Israel Police Question Netanyahu's Attorney in Graft Cases

Attorney David Shimron speaking to police on allegations that tycoons purchased gifts for the Netanyahus, as well as a separate investigation into allegations of media manipulation.

Lawyer David Shimron. Netanyahu's cousin and lawyer.
David Shimron. Benjamin Netanyahu's cousin and personal lawyer. Moti Milrod

Israel Police officials are questioning David Shimron, attorney to Prime Minister Benjamin Netanyahu, in two corruption cases involving the premier this morning.

The so-called "Case 1000" centers on the suspicion that tycoons, including Arnon Milchan, purchased cigars, alcoholic beverages and jewelry for Netanyahu and his wife, valued at hundreds of thousands of shekels. Netanyahu said the gifts were from close friends, hence there is nothing illegal about them.

The so-called "Case 2000" involves suspicions that the prime minister tried to barter favorable media coverage from the Yedioth Ahronoth news group, in exchange for enacting a law that would hurt a major competitor, the free newspaper Israel Hayom. His negotiations were held with Yedioth leader Arnon Mozes.

Netanyahu was questioned over both cases for a fourth time two weeks ago  at his official residence in Jerusalem, a session that lasted five hours. The questioning was interrupted for about a half hour when U.S. President Donald Trump telephoned Netanyahu.

During questioning, the prime minister reportedly said that he cannot smoke as many cigars as he's accused of because of a sinus problem. Netanyahu said he cannot even put a cigar in his mouth for a several-month period each year and therefore the estimates of how much they cost are exaggerated. Channel 10 reported that Netanyahu said he himself had purchased the cigars that he did smoke.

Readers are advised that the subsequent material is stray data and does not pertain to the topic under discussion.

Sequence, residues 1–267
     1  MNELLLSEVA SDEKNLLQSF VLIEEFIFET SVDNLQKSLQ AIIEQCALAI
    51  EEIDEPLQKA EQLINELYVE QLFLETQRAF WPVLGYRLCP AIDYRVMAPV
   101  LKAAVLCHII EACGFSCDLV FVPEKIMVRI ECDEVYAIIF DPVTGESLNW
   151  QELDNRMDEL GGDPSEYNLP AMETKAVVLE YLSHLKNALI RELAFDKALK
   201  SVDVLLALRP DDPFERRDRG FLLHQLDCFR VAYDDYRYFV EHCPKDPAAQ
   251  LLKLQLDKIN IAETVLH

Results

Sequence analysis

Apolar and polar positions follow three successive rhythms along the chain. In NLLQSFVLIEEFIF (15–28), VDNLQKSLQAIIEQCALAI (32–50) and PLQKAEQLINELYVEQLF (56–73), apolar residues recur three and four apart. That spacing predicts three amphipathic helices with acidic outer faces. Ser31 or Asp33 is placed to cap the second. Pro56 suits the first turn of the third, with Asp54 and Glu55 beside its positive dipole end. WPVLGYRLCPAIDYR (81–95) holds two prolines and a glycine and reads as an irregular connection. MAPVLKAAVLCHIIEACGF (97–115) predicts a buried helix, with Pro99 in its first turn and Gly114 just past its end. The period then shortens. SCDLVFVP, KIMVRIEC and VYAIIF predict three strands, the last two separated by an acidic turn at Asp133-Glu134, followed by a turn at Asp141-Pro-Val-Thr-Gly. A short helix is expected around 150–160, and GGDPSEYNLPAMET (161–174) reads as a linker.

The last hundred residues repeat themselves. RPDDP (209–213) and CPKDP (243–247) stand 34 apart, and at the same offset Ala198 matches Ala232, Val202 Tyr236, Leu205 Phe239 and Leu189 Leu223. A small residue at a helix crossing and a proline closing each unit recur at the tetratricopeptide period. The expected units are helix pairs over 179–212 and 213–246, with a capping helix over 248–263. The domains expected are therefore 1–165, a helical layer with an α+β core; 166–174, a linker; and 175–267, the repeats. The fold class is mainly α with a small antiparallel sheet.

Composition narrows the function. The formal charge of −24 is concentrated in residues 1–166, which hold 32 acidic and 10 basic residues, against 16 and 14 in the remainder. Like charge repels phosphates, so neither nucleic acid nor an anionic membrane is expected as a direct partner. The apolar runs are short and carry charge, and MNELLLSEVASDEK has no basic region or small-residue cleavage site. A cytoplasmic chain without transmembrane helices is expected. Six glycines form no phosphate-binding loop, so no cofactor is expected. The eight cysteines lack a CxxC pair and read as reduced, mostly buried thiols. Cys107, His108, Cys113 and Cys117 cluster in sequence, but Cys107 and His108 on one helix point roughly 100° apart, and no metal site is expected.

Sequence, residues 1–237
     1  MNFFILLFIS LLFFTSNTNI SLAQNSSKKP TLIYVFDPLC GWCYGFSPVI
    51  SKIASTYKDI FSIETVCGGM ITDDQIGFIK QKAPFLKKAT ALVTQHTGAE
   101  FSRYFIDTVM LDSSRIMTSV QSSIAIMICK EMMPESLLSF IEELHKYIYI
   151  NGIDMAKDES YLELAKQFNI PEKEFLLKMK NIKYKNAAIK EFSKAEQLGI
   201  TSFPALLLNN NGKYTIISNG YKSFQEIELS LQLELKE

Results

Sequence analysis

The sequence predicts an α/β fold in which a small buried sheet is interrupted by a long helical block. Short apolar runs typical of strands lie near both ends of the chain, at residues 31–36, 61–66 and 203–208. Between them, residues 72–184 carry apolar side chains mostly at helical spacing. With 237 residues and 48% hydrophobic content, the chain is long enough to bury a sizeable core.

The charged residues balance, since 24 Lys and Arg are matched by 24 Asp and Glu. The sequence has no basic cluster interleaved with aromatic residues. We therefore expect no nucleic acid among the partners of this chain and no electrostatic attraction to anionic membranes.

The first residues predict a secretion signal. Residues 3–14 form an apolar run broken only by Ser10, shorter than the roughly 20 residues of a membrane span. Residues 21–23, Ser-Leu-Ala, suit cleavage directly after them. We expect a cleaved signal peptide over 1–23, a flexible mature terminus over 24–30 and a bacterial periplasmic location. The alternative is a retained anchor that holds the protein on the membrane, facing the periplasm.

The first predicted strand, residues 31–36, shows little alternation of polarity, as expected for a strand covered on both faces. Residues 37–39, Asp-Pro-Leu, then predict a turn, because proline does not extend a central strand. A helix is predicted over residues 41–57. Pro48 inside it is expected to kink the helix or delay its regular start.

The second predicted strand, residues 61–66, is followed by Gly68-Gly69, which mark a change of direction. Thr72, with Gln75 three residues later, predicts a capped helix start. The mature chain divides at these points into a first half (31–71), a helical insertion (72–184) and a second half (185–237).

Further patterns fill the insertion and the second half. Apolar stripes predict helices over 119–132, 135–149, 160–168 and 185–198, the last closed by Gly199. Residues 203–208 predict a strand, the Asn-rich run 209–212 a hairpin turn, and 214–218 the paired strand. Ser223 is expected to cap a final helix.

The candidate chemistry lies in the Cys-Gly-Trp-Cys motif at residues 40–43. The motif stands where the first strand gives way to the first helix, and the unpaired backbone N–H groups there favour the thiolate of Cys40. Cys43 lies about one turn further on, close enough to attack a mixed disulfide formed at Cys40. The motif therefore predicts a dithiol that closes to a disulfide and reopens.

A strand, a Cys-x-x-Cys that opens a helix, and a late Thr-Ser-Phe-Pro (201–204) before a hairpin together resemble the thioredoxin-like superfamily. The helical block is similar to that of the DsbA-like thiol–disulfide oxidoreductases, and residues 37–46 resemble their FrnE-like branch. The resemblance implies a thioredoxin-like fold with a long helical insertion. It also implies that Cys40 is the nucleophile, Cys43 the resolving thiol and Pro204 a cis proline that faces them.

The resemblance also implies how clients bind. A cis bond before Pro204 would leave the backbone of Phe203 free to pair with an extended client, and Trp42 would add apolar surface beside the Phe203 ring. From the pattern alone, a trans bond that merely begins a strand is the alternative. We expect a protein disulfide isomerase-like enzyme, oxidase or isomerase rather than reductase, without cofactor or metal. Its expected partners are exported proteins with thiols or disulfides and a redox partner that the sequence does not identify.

Senior police sources said this week that the investigations will continue even if Netanyahu dismantles the government, as he threatened to do, and early elections are called. 

The sources said that both probes are going into their home stretches and should be completed within a few months. Even if elections are moved forward, at least one of the investigations should be complete by the time Israel heads to the polls. But Attorney General Avichai Mendelblit will decide when to publish the results and no official police announcements will be made without his permission.